Dr. William Spencer Stevens

Dr. William Spencer Stevens (19--)

Image number: PR03759

He was a physician, druggist, and director of the United Protective Association Hospital.

Seminole and Miccosukee Indian Healers

Seminole and Miccosukee Indian healers continued to care for the health of their people through traditional methods well into the 20th century, and the use of folk medicine is still present in modern Florida.

Miccosukee Indian Doctor Tiger: Miami, Florida

Miccosukee Indian Doctor Tiger: Miami, Florida (ca. 1890)

Image number: N032055

Three Seminole medicine men: Musa Isle, Florida

Three Seminole medicine men: Musa Isle, Florida (ca. 1915)

Image number: PR04785

Oral History

Interview with Seminole healer Susie Billie

Interview with Seminole healer Susie Billie

Play Interview

In this oral history interview, recorded on January 18, 1985, Seminole Indian tribal healer Susie Billie of the Big Cypress Seminole Indian Reservation discusses how she learned healing practices from her mother and father as a child, including herb gathering and identification, preparing natural cures, gender roles in Seminole medicine, physical and spiritual healing, payment methods for administering services, and the use of medicine songs.

Physicians from Apalachicola to Tampa

The number of physicians steadily grew during the 19th century in Florida, and physicians became more qualified and professionally organized. However, people in many areas of Florida relied on traditional or self-trained healers.

Dr. Francis Bryan Wakefield and family: Apalachicola, Florida

Dr. Francis Bryan Wakefield and family: Apalachicola, Florida (ca. 1900)

Image number: Rc05532

Dr. Wakefield came to Apalachicola in the 1850s. He was a surgeon and pharmacist in the civil war. L-R: Ethel Kilbourn Wakefield, George N. Wakefield, Earl Kilbourn Wakefield, Francis Bryan Wakefield, Jr. and Dr. Francis Bryan Wakefield.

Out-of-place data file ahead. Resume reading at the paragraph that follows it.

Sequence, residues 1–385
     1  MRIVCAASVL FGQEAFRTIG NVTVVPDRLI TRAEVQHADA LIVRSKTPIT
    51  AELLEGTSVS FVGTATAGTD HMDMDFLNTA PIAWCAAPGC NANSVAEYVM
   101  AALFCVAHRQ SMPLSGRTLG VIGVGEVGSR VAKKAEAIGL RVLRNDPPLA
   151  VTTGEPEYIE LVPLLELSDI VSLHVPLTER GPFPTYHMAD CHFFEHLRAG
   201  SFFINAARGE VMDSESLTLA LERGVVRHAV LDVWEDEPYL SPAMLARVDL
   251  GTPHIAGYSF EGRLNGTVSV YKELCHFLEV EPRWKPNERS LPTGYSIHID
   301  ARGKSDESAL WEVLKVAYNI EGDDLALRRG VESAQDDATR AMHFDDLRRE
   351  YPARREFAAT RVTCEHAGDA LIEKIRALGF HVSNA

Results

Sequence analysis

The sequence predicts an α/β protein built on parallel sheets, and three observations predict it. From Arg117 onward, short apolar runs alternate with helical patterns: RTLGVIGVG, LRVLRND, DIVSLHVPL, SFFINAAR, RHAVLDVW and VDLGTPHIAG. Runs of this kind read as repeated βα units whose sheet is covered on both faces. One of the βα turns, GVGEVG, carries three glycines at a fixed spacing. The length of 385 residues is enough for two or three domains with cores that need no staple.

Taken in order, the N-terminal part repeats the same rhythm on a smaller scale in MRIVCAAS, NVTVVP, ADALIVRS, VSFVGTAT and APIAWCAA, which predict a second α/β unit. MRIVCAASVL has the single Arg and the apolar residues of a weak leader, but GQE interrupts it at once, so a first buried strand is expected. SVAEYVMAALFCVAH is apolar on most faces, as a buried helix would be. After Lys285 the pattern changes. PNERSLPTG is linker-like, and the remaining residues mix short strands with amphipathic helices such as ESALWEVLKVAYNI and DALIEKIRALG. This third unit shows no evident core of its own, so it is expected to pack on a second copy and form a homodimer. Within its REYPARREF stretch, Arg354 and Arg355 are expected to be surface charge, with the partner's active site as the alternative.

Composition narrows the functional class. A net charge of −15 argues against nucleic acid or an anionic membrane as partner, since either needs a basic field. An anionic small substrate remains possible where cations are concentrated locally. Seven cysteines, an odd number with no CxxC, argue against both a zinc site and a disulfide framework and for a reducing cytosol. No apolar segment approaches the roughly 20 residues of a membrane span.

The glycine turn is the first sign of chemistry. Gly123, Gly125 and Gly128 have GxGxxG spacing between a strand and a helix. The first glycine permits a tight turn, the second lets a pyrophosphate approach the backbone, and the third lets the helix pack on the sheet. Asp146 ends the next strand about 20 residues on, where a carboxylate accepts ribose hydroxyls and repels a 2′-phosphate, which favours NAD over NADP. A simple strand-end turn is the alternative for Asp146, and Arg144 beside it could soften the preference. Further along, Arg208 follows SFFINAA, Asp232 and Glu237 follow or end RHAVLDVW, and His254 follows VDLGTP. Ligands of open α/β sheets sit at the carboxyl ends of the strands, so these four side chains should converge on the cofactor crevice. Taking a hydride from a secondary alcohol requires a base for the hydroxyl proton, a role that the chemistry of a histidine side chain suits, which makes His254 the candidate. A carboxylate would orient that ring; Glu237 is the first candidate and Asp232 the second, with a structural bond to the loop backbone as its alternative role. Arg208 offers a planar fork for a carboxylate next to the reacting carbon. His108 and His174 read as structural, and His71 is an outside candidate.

Portrait of Mary Jane Safford, sister of Anson Peacely Killen Safford

Mary Jane Safford, first woman physician to practice in Florida (18--)

Image number: Rc20846

Mary Jane Safford's brother, Anson Safford, was the former governor of the Arizona Territory, and he founded Tarpon Springs in 1882. Mary Jane came with the governor and Mrs. Safford to Tarpon Springs in 1882. She was a nurse in the early days of the Civil War, studied medicine, taught at the Boston University Medical School, and was the first woman physician to practice in Florida.

Dr. Edward B. Fleece

Dr. Edward B. Fleece, Wildwood's first physician (ca. 1872)

Image number: N046852

Born in Lebanon, Kentucky, to Dr. and Mrs. James Fleece of Fayette County, Kentucky, in 1840. Graduated from Louisville Medical College, Louisville, Kentucky. Married Mariah L. Ames on July 19, 1868, and moved to Wildwood. He was Wildwood's first physician. He died in 1898.

Miami's first physician, James M. Jackson, Jr.

Miami's first physician, James M. Jackson, Jr. (1885)

Image number: Rc08897

This photo was taken while Jackson was a student at Bellevue Hospital Medical College in New York City.

Henriette Martens sitting in a rocking chair on the porch of her home: Miami, Florida

Henriette Martens sitting in a rocking chair on the porch of her home: Miami, Florida (1899)

Image number: rc13870

Henriette Martens, a homeopathic medicine practitioner, was one of the first doctors in south Florida. She had the first telephone outside downtown Miami, and a pineapple and vegetable farm just south of Lemon City.